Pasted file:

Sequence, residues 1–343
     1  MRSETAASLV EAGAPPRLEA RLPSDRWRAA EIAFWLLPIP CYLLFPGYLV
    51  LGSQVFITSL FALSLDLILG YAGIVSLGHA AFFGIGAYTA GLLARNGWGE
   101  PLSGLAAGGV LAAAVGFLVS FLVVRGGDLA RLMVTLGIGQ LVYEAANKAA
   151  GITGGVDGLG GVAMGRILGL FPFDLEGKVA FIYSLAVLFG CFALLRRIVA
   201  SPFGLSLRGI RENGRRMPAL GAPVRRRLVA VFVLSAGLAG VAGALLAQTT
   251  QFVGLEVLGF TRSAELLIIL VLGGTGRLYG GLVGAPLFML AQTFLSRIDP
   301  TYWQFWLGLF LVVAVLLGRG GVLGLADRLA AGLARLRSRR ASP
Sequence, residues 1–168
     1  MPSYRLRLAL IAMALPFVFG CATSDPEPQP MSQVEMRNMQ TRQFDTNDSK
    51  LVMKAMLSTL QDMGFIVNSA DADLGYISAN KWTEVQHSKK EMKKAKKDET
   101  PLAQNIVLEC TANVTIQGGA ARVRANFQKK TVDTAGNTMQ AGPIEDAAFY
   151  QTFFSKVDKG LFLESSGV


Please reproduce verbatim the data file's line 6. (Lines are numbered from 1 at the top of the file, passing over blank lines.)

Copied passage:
   201  SPFGLSLRGI RENGRRMPAL GAPVRRRLVA VFVLSAGLAG VAGALLAQTT